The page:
Most people think of trauma as a capital “T” – a car accident, abuse or neglect, the sudden death of a loved one, a violent criminal act, exposure to the violence of war, or a natural disaster. However, trauma can also be things that are little “t” – moving frequently as a child, being shamed by a teacher, being bullied, being lost as a child, a break up, or divorce. Our brains are unique and process things differently, but all traumas, whether big, or little, can be relevant.
While many people can recover from trauma over time with the love and support of family and friends and bounce back with resiliency, others may discover effects of lasting trauma, which can cause a person to live with deep emotional pain, fear, confusion, or post traumatic stress far after the event has passed.
In these circumstances, the support, guidance, and assistance of a therapist is fundamental to healing from trauma.
Four Types of Trauma Symptoms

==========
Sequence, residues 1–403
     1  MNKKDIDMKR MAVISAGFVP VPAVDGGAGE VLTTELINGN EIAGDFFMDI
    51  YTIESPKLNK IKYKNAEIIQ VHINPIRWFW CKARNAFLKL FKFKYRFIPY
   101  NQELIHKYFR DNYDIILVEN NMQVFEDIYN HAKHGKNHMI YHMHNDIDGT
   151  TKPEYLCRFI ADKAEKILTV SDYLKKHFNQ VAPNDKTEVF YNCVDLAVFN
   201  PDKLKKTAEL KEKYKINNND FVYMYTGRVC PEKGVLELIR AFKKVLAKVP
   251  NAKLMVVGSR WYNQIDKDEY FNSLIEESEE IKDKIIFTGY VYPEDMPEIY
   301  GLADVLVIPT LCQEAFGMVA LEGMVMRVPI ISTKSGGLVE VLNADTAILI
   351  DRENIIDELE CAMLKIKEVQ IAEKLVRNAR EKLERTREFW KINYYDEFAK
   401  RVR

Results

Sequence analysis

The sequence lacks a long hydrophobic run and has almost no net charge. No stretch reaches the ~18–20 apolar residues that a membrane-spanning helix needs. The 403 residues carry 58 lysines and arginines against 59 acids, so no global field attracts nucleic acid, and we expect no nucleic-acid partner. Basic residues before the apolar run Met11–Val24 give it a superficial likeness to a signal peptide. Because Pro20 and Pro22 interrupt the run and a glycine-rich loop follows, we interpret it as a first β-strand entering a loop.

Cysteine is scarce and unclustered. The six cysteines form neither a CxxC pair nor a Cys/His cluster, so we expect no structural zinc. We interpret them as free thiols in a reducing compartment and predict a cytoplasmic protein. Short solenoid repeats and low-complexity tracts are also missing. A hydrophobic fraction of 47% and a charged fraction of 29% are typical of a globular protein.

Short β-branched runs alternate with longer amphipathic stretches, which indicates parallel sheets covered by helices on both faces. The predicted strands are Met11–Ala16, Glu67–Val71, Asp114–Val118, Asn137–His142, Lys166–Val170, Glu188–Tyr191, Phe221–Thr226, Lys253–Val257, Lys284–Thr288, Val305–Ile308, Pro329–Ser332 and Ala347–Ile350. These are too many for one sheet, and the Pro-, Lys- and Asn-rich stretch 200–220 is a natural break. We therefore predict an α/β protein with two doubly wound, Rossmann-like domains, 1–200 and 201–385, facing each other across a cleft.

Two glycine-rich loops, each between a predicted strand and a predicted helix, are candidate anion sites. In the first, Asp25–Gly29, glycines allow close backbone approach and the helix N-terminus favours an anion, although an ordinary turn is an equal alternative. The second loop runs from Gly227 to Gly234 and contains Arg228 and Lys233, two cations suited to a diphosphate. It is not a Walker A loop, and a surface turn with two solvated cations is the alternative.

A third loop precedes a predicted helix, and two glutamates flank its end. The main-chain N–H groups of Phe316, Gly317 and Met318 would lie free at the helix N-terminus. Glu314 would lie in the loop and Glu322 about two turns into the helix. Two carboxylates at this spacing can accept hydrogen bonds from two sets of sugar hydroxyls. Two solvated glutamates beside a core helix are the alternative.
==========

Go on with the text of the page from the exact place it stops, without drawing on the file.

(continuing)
- Avoiding specific locations, sights, situations, and sounds that serve as reminders of the event
- Anxiety, depression, numbness, or guilt
- Intrusive thoughts, nightmares or flashbacks
- Anger, irritability, and hypervigilance
- Aggressive, reckless behavior, including self-harm
- Sleep disturbances
Negative Mood and Cognition Symptoms
- Loss of interest in activities that were once considered enjoyable
- Difficulty remembering details of the distressing event
- Change in habits or behavior since the trauma
Research has proven psychotherapy to be the most effective form of treatment for trauma. Most commonly, cognitive behavioral therapy (CBT) and eye movement desensitization and reprocessing (EMDR) are used in treating trauma.
If you or someone you know matches the trauma symptoms listed above, I am confident that I can help and invite you to contact me today for a free consultation.